Saturday, September 25, 2021

Singin' in the Rain


With no theatrical productions at all in 2020, it appears that Woodland Opera House actors spent the pandemic year studying and improving their dancing.  The dancing and choreography (by Darryl Strohl-DeHerrera) for their production of “Singing in the Rain,” directed by Rodger McDonald, which opened on Friday, were the highlights of the show.

While the Woodland Opera House is back to 100% capacity, currently the Yolo County Health Department requires face coverings for all of patrons regardless of vaccination status. And for an added layer of protection, Opera House staff will take the temperature of all theatre attendees upon their entry. Masks and hand sanitizer are available to anyone in attendance at each theatre event.  The actors on stage also wear clear plastic masks, which don’t hamper their speaking or singing but do cut down on the romantic scenes (hugging instead of kissing!)

This is a lovely production, with no real “set” per se, but beautiful projections in the background. Written originally as a film, not a stage show, “Singin’ in the Rain” is the stage version of the 1952 movie by Comden and Green, with Gene Kelly, Donald O’Connor and Debbie Reynolds.

It is the story of the end of silent movies and the start of the talkies. After the success of “The Jazz Singer,” the money-hungry head of the studio, R.F. Simpson (Rodger McDonald), decides that his next silent movie, “The Dueling Cavalier,” should be converted into a musical talkie, titled “The Dancing Cavalier,” a vehicle for his two biggest names, Don Lockwood and Lina Lamont, the “Brangelina” of their day.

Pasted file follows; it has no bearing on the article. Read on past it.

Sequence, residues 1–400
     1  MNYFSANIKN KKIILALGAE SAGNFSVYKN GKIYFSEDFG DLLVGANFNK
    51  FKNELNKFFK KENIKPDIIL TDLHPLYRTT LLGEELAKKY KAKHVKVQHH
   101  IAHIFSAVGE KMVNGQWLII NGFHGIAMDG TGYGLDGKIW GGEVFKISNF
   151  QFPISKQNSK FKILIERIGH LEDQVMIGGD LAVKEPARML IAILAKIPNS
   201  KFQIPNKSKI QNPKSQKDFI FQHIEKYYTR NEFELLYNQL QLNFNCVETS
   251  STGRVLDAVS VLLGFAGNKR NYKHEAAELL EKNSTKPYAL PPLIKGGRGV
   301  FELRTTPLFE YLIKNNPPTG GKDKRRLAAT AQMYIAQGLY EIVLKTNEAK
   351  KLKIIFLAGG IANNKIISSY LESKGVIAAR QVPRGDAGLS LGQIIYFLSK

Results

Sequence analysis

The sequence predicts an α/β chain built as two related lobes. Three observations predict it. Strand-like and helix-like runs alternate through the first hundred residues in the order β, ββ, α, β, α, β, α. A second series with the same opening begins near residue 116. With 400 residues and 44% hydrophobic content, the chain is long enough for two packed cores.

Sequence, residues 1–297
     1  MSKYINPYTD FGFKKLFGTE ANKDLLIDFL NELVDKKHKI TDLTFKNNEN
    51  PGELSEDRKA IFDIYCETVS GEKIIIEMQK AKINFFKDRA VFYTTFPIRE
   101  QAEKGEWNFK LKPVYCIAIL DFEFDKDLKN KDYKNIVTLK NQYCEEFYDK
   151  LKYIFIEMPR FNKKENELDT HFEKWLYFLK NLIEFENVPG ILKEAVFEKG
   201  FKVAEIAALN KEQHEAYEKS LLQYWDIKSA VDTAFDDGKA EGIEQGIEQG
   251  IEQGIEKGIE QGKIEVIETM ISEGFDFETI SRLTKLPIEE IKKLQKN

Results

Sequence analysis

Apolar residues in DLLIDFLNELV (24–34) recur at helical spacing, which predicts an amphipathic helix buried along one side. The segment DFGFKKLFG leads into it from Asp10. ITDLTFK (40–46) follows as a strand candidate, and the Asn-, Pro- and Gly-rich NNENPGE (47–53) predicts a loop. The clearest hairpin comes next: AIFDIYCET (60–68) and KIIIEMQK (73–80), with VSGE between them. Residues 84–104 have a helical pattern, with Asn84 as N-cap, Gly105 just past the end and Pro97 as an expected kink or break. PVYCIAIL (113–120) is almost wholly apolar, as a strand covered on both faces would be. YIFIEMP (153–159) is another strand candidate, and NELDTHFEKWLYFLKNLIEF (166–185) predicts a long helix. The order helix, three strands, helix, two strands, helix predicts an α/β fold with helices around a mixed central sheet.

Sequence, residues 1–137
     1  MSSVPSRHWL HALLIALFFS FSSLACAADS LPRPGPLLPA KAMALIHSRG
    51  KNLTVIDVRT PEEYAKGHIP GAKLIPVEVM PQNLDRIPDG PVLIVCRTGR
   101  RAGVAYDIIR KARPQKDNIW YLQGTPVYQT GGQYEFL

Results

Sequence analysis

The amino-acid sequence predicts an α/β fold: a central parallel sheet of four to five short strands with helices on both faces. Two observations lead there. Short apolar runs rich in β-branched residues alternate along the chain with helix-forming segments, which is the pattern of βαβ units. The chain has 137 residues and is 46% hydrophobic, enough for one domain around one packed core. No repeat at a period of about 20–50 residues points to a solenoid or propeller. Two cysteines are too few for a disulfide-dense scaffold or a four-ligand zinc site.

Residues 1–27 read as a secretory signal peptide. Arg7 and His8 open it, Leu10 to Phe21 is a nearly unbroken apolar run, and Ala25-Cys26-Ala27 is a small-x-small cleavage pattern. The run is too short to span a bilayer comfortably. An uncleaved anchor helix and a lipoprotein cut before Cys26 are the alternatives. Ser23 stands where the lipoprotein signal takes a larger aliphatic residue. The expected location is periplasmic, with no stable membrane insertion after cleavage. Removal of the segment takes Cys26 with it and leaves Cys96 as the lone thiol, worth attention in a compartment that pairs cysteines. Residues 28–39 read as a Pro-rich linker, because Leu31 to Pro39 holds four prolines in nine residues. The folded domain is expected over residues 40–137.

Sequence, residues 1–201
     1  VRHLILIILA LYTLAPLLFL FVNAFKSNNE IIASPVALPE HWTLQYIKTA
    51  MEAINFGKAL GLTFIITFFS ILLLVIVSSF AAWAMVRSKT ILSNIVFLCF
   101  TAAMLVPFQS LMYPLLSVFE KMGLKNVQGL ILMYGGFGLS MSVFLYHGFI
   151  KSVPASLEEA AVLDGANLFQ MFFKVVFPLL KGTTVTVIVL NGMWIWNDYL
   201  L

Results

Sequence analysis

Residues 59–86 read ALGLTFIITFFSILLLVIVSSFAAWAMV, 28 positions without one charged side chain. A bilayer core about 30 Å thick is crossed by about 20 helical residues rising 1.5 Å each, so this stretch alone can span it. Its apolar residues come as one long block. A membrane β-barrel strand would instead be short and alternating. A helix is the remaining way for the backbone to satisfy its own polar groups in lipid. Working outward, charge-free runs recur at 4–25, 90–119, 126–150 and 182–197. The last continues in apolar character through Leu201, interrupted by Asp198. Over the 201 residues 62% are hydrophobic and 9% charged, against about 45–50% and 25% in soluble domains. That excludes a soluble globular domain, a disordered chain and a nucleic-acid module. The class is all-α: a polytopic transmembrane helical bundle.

Erik Catalan is a solid Lockwood with many musical numbers, the best of which is the title song, in which he sings while “rain” falls all across the stage, filling the stage with puddles, but not getting any clothes wet. It’s a great effect by Mike Cartwright,.

Patricia Glass is perfect as Lina, the obnoxious star with a voice like fingernails on a blackboard. She’s the perfect silent film star–can’t sing, can’t dance, act. She is convinced that there is a romance between her and Lockwood, who, in reality, can’t stand her.  Charlotte French is very funny as the vocal coach trying to teach her how to speak correctly (“I can’t stand him!”).

In this show, Lina has her own solo, “What’s Wrong with Me,” which is not in the film.  Glass does a great job of singing it badly!

The very polished Kirsten Myers is Kathy Selden, the actress wannabe whom Lockwood convinces to become Lina’s voice when it is apparent that there is no way Lina is going to make it in talkies. Her trio with Don and Cosmo, “Good Morning” is great fun.

Lockwood’s old vaudeville partner and perfect fall guy, Cosmo Brown is wonderfully played by Eddie Voyce, whose “Make ’Em Laugh” is one of the most fun numbers of the night. It’s a complex piece that he performs well.

There is good support from the rest of the cast, like Gil Sebastian as Roscoe Dexter, the director of Don and Lina’s films, Katherine Fio as Lina’s friend Zelda, and Barbara Goodman as gossip columnist Dora Bailey.

The action is not always as crisp as it might be, but still such a fun evening, and a great way to bring live performances back to the theater.

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